Looks like there’s some cutting to do.

The selectmen start their budget work next week with requests from town department heads that total close to $37,860,000 — about a 3.5% increase — but facing a new state law dictating that municipal budget increases be limited to 2.5% or revenue from the state will be withheld.

“To get it down to 2.5% the Board of Selectmen will need to reduce,” said First Selectman Rudy Marconi Monday.

With an estimated 3% school operating budget increase, and debt service added in, the 2017-18 budget requests total nearly $142,468,000 in budget documents Controller Kevin Redmond has prepared for the selectmen to work from.

Assuming a 1% increase in the town’s tax base, Redmond projects that spending levels would require a 4.07% tax increase. But town officials say that 4% is a projected number to start from, not mill rate increase town officials expect to put before taxpayers in May’s budget referendum.

“We know that’s going to be lower,” Redmond said.

The selectmen plan to discuss the budget next Monday, Tuesday, Wednesday, and Thursday, Feb. 6 to 9. All the meetings are in town hall, and three start at 7 p.m. Only Wednesday’s session — which is a regular selectmen’s meeting, including budget discussions — is scheduled to start at 7:30.

Capital budget

The selectmen also have a separate $3,953,000 in capital budget requests to review. These expenses aren’t part of the operating budget that covers the day-to-day running of the town. They’re made up of higher-cost equipment purchases and construction projects that are occasional, rather than recurring, and can be financed with borrowing in the bond market. Paid off over time, the bond-financed capital expenditures don’t spike the next year’s tax rate, though the spending does add up over time.

Noteworthy requests in the 2017-18 capital budget include a $1,269,000 project to address water penetration problems in the Recreation Center’s locker rooms; $250,000 for a replacement ambulance at the fire department, and $45,000 for a study on replacing the Catoonah Street firehouse; and $20,000 for the police department to have consultants study traffic on Route 35, including the Copps Hill intersection and also the three-way intersection of Main Street, Danbury Road and North Salem Road.

The capital budget isn’t part of the 2.5% cap calculations.

New positions?

In the operating budget, there are eight new staff positions proposed — full- or part-time — totaling $538,820. But Redmond’s budget documents are based on an assumption that no new jobs would be added.

“That number that’s in the books now is minus additional headcounts that were requested by several departments,” Marconi said.

The new positions requested were four additional driver-laborers for the highway department, a part-time staffer for Social Services, a part-time animal control officer for the police department, a part-time “parking director” proposed by the Economic Development Commission, and an increase from part-time to full-time for the Parking Authority’s staff. The two parking-related positions draw on recommendations from the consultants who studied the town’s retail center.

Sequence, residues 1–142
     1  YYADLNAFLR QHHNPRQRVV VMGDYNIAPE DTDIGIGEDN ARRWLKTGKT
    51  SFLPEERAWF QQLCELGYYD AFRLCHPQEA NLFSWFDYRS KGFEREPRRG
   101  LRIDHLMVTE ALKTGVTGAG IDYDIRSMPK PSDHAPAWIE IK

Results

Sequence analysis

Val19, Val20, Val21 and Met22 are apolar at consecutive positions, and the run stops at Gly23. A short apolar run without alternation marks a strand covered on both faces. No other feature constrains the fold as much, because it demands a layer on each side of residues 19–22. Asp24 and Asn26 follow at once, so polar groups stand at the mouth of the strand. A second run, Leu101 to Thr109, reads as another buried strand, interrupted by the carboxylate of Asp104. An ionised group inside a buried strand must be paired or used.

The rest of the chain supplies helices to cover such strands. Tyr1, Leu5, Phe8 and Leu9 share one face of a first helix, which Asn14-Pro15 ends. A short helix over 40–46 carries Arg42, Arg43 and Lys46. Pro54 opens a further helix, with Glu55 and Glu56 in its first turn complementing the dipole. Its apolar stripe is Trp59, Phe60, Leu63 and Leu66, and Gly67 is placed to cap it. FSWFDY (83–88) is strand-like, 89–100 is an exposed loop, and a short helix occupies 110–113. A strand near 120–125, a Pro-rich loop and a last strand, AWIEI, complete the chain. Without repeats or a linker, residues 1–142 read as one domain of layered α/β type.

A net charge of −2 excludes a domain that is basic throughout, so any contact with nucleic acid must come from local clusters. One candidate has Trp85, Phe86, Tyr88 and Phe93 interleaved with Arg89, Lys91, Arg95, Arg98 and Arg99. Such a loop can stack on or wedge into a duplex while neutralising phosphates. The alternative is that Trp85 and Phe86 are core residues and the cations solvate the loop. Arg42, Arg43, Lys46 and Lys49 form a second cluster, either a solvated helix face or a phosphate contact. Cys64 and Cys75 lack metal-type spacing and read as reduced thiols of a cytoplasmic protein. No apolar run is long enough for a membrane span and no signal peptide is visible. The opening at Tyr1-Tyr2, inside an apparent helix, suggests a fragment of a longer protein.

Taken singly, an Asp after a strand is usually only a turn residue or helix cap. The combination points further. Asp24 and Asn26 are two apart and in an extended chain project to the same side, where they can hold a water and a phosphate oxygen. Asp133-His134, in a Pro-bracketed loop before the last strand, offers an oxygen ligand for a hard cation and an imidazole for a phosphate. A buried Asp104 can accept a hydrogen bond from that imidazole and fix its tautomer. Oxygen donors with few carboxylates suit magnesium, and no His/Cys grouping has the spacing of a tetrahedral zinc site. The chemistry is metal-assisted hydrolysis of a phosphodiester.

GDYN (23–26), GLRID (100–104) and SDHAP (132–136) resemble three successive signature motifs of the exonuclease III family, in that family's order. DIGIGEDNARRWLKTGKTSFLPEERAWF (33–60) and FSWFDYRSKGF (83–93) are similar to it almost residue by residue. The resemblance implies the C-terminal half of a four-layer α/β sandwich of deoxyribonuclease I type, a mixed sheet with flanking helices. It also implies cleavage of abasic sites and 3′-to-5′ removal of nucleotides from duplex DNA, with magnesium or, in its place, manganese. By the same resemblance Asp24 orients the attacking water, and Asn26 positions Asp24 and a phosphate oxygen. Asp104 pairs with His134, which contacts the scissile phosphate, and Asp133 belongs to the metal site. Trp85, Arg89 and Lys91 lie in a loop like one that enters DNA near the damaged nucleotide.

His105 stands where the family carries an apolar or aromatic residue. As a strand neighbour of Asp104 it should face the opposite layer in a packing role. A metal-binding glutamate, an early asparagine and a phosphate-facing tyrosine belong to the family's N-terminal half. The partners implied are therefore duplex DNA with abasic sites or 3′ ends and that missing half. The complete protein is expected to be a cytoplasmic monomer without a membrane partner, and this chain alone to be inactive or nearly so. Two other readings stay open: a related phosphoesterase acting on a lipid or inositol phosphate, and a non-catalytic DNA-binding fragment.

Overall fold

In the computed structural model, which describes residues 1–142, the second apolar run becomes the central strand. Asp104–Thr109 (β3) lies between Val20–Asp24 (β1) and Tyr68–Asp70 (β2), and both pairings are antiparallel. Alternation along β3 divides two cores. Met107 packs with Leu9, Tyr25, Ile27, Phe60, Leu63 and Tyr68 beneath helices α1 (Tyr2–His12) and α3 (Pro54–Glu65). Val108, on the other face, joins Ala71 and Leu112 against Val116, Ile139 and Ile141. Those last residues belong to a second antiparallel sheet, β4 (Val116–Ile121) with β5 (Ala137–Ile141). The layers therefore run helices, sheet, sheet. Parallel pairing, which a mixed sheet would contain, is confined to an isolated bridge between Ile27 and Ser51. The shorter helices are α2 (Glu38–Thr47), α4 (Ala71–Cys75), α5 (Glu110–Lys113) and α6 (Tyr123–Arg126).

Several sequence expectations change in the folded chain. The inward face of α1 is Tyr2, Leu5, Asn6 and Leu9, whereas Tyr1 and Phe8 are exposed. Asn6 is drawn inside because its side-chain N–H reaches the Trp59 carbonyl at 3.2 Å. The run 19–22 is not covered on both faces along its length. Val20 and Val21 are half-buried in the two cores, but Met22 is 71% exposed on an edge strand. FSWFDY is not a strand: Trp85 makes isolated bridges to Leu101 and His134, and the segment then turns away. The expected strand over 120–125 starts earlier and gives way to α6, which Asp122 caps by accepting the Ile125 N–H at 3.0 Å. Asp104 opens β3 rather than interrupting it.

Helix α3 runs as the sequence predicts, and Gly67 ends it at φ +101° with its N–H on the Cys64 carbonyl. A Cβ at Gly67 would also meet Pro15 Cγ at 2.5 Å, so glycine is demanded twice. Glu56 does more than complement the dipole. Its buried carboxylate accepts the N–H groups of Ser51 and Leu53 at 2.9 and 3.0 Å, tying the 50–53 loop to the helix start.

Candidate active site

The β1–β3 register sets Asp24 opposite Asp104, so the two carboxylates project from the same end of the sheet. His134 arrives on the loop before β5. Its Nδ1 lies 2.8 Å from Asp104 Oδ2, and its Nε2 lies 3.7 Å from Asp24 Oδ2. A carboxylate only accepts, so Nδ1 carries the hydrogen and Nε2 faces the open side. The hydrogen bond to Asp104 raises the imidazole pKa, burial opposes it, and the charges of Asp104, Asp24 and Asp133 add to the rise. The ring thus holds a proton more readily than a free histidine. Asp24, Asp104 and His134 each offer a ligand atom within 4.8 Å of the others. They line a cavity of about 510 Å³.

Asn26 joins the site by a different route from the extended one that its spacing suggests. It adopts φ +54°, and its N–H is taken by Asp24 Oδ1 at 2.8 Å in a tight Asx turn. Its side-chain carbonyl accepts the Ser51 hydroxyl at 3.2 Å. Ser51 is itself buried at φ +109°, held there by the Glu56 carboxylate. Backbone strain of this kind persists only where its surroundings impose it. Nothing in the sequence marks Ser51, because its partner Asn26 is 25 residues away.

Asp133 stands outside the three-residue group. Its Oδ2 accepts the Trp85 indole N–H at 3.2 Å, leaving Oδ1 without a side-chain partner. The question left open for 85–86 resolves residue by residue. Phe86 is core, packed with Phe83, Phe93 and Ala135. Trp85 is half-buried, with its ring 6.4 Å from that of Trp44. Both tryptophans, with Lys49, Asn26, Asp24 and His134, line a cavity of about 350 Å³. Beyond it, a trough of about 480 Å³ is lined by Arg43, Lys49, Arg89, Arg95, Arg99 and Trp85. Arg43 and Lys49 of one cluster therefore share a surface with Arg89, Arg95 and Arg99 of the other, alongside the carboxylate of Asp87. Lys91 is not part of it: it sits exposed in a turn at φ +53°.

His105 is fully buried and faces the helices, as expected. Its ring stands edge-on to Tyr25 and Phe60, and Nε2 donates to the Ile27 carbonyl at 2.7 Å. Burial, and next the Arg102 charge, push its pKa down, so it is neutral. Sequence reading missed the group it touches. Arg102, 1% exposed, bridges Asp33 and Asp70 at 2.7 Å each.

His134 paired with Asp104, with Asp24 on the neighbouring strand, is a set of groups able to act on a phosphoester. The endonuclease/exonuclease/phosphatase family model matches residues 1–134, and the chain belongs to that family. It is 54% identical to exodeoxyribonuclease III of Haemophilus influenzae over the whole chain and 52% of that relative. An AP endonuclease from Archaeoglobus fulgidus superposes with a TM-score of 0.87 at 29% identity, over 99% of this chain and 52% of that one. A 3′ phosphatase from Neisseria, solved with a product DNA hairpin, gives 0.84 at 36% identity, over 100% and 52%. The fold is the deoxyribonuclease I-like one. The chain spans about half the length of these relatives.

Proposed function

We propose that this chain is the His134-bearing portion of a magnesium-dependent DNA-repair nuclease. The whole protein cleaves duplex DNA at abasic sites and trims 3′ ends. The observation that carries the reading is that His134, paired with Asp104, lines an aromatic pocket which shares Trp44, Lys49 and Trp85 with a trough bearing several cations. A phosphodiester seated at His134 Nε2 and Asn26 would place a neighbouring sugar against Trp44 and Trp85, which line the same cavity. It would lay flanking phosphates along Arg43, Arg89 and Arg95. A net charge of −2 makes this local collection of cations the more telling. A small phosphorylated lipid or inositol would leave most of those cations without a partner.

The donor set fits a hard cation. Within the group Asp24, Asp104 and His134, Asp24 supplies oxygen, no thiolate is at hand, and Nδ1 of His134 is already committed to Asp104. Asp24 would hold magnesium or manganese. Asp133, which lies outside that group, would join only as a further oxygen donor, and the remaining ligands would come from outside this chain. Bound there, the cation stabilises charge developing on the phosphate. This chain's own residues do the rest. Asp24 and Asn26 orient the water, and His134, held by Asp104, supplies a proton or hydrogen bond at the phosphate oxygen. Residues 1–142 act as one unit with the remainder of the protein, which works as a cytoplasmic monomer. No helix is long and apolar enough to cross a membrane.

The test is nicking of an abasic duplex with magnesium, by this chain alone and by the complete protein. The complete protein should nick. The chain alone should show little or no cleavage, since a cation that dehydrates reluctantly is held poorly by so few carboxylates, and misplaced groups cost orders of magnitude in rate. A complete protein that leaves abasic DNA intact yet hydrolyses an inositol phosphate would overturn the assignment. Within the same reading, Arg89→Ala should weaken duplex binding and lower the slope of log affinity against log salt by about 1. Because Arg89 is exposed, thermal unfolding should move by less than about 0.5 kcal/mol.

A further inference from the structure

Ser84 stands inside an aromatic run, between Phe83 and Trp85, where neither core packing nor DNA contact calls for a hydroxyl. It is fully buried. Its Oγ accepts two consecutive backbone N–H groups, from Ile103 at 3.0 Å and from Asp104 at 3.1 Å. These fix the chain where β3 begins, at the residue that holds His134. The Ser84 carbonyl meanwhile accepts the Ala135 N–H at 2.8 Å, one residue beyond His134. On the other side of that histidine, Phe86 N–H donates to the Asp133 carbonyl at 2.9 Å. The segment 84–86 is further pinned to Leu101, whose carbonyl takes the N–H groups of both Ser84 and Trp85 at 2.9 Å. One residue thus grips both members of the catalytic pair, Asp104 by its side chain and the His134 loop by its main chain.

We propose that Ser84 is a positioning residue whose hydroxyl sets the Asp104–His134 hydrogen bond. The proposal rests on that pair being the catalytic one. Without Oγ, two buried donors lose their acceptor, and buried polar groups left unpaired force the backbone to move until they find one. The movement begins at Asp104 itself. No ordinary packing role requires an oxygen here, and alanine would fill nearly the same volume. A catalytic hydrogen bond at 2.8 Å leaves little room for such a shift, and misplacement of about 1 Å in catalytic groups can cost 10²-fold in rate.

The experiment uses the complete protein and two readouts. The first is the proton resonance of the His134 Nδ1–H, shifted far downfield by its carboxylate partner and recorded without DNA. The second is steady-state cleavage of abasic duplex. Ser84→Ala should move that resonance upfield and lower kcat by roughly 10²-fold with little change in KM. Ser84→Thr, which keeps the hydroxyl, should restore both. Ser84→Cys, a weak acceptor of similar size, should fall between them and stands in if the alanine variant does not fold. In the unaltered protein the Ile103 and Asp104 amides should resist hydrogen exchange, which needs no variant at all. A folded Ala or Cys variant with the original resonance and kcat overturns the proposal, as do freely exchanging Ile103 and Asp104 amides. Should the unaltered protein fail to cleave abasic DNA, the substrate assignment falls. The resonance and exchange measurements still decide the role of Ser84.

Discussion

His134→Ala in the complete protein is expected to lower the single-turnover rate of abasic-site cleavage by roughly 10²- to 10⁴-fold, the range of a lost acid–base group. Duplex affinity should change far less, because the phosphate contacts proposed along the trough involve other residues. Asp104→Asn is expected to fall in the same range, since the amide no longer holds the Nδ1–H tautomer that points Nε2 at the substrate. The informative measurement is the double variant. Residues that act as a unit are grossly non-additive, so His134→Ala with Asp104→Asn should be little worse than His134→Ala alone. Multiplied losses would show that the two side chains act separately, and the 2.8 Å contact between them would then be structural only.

Moving toward May

The process is for the Board of Education to review the superintendent’s budget request, while the selectmen review the budget requests from town departments — police, fire, highway, parks and recreation, and the town hall administrative officials. Both town and school requests are passed on to the Board of Finance.

The proposed budgets from the school board and the selectmen are then reviewed by the finance board, which puts together the final budget for May’s referendum.

Although the 2.5% cap on municipal spending increases applies to the overall budget total — not particular sections, like schools or police — both town and school officials have approached budget work as if they have to get the budgets they’re responsible for down to 2.5%.

Certain spending categories are excluded from the 2.5% cap. One is special education, which should make the school board’s job less difficult.

Another area exempt from the cap calculations is debt service. This may actually make the selectmen’s job harder. Ridgefield’s debt service is decreasing next year by 4.46%, from $12,060,000 to a bit under $11,523,000, and with debt service excluded from the calculations, that $537,000 savings won’t be available to offset spending increases elsewhere.

Marconi is frustrated that the state’s cap calculations are based on spending insolation — ignoring revenue — so modest anticipated growth in the town’s grand list may help with taxes but not with meeting the state’s 2.5% cap.

Redmond’s calculations are that the selectmen will need to cut about $367,000 from the budget that they control — town departments, plus road repairs and infrastructure — to get their increase down to the 2.5%.

If town and school officials don’t keep the combined increase within the 2.5% cap, the town stands to lose a projected $183,000 from the state’s municipal revenue sharing fund.

So 2.5% is the goal — even if officials aren’t happy about it.

“We’re just starting,” Marconi said, “the first year of the 2.5% cap that our legislature, in its infinite wisdom, has decided the municipalities in the state of Connecticut need to live within. “Interesting statue, given that the legislators themselves have not been able to live within their statutory cap — but apparently that’s OK.”